As there was no officer in the station during the night, if there was a problem that needed an officers attention, the telephone operator would ring a phone at the corner of Main and Huron. This would cause a red light in the center of the street to activate, alerting the officers on foot patrol to call. The police bicycle was parked near this intersection to be used if needed.

If an officer did not respond to the light, the operator would call Prochnow's restaurant, which was located on E. Huron. Mr. Prochnow would then go outside and beat an iron club on a hitching post, which was at the curb. In the still of the night, this noise was audible anywhere downtown and alerted the officers that they were needed. It was a very common occurrence for the merchants to use this method to summon the officers when needed, sort of a 911 without a telephone!

In 1911, the council passed the first ordinances governing motor vehicle traffic. Speed was restricted to 10 miles a hour in the business district and 15 miles a hour in residential sections. Unfortunately the department had no vehicle to use to enforce these ordinances, until September, 6, 1911, when council authorized the purchase of a motorcycle. This motorcycle was purchased from Staebler and Sons at a cost of $281.58. Patrolman Gustave Meyer was the first officer assigned to ride the motorcycle.

The following year a proposal was sent to council requesting the expenditure for a “police auto patrol wagon.” The mayor vetoed this as he did not want to put any “undue strain on the taxpayers.”

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In 1913, the council agreed to purchase a light automobile, as they had come to the conclusion that “the purchase of a light automobile, cost not to exceed $500 over and above what may be realized from the sale of the old motorcycle, would be better than the purchase of a new motorcycle, as a light car can be used to stop speeding and also as a light patrol wagon.”

The department bought a Studebaker-EMF-30 roadster, making it the department's first patrol car, but only two of the officers knew how to operate it. By 1915, the patrol car, which had been bought used, was in very bad shape. Chief Pardon's personal car was used frequently during this period.

I have found conflicting accounts of the first patrol car used by the department. Most accounts state the department used its first patrol car in 1923, when a Ford Model T was confiscated from a bootlegger. I believe this is inaccurate and that the Studebaker was the first vehicle owned by the department. I did find an old photo of this vehicle and the year listed on it was 1913.

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Gangsters and Bootleggers...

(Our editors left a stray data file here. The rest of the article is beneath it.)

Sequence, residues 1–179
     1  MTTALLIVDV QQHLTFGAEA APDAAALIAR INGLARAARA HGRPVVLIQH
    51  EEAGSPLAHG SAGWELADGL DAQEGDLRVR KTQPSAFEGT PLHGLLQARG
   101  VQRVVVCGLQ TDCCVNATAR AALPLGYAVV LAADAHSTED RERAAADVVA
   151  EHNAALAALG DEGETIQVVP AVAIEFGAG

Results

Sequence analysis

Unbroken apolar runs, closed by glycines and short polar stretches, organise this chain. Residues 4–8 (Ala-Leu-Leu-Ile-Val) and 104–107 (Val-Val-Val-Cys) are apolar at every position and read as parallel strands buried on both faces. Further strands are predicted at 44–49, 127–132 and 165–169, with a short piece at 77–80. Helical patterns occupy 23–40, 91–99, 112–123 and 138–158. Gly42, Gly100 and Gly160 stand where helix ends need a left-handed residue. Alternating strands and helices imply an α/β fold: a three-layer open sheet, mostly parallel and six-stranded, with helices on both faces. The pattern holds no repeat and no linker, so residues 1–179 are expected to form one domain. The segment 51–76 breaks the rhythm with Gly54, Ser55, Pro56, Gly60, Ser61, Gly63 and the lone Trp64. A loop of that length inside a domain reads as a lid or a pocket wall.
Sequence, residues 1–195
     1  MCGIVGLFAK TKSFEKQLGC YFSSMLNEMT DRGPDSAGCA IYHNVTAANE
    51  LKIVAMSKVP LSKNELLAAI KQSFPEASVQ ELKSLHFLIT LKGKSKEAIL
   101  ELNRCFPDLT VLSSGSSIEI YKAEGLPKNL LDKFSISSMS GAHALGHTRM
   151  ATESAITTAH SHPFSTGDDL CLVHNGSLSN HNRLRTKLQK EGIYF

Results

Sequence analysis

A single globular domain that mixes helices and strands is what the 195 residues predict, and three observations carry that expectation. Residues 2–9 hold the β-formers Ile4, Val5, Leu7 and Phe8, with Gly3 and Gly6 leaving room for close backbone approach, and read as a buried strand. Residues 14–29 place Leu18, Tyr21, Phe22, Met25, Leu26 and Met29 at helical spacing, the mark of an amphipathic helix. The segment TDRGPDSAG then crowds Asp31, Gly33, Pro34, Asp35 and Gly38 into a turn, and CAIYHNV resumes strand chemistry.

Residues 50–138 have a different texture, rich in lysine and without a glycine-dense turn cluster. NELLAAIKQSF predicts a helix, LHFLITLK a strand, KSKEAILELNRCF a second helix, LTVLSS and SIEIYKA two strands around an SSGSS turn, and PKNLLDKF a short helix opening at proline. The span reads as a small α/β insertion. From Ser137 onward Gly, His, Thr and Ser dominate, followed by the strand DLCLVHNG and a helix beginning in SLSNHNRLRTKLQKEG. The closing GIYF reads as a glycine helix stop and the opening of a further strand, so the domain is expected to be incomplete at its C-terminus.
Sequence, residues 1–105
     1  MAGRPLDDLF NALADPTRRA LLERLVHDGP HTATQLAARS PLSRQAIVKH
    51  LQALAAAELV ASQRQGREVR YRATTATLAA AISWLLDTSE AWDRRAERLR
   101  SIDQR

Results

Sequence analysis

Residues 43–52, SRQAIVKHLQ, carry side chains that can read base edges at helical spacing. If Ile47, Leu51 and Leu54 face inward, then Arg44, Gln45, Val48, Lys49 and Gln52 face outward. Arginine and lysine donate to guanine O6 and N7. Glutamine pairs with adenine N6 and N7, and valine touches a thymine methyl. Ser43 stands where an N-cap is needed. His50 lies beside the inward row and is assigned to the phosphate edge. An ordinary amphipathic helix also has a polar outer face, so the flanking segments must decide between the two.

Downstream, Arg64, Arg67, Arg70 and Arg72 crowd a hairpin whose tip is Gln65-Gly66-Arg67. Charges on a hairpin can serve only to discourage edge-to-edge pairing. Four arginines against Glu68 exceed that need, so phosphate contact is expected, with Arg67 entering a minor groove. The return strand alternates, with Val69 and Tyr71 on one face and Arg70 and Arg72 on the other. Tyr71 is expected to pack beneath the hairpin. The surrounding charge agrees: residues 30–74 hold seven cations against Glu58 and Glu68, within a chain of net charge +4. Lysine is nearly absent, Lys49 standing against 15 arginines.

On August 23, 1916, Chief Frank Pardon died suddenly. Sgt. Thomas O'Brien was chosen to succeed Chief Pardon and in an odd coincidence, the next three Ann Arbor Police Chiefs would die in office.

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In 1919, the department's sworn strength was 13 men. Salaries for the officers were $149.28 a month, which were low even for this period. Due to this low salary, many officers resigned to take jobs in the industrial field, as the pay was better. This was the start of decades of trying to keep officers from accepting jobs in the private field, where the pay was higher.

The life of a patrol officer was not an easy one in the 1920's. Officers worked long 12 hours shifts for substandard pay. The city at this time consisted of 26,000 people, while the department had 15 officers and one Model T Ford, which was confiscated from a bootlegger.

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Although crime was low, the prohibition period brought gangsters and bootleggers into Ann Arbor. These bootleggers smuggled moonshine liquor into the city and officers spent a great deal of time investigating these violations.

Officers were very suspicious of people in vehicles that they were unfamiliar with, as often these were bootleggers from out of town. Officers William Marz and Erwin Keebler had an encounter with suspected bootleggers that almost turned deadly for them, during the early morning of April 15, 1927.

The officers were preparing for their shift when Officer Keebler put on a bulletproof vest and asked Officer Marz to do the same. These vests were made of lead and were quite heavy. When Officer Keebler asked Marz to wear one, he refused, stating that the vests were too heavy. Keebler persisted stating, “You'd better strap that thing on. You never know what might happen and besides it will keep you warm.” His persistence would save Officer Marz's life.

The officers went on patrol, both of them wearing a bulletproof vest. While on patrol they stopped a black Ford Coupe for suspected bootlegging and searched the vehicle. The officers did not find any liquor, but neither the driver or passenger could answer their questions about who owned the vehicle. The officers felt the car was stolen, so they ordered the driver to follow the patrol car to the police station.